“I remember one school that came from a a socially deprived area were brought to the Abbey Theatre in Dublin and 98% of them were experiencing their first time ever being in the theatre. What an amazing experience to see a play for the first time about people the same age as you and to have that kind of energy and vibrancy on stage. For them to think, maybe the theatre is for us, that isn’t not just for older people or people who are very cultured.”
After having two runs in Dublin and Cork, Louise has seen the show many times now ahead of its UK premiere. “Every single time I watch it I am devastated because it is just so well done,” she said. “It is so interesting at the end when I look around and see everyone.
“That is the power of theatre, a group of people in one small room that are all collectively experiencing this piece of art at the same time. There is such an incredible power in that.”
I think what I’ve always found really heartening is that I wonder what conversations these people will have on their way home, on the bus home. What memories will be brought up and what experiences might be disclosed, maybe for the first time. I think art can be a really incredible way of having what are often really difficult conversations.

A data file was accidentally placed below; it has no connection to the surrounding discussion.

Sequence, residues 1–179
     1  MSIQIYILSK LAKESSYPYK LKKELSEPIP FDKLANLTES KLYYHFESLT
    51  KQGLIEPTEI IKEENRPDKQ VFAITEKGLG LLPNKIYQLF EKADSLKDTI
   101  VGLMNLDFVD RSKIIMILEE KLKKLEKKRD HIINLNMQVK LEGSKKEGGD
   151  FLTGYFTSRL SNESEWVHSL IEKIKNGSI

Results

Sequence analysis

I wrote the book because I wanted to start a conversation about how women are treated and how prevalent and normalised sexual violence has become in our culture. What is exciting about the play is how it might continue and expand that conversation.”
Asking For It opens at Birmingham Rep on 29 January, tickets and information can be found on their website.
Photo credit // Clare Keogh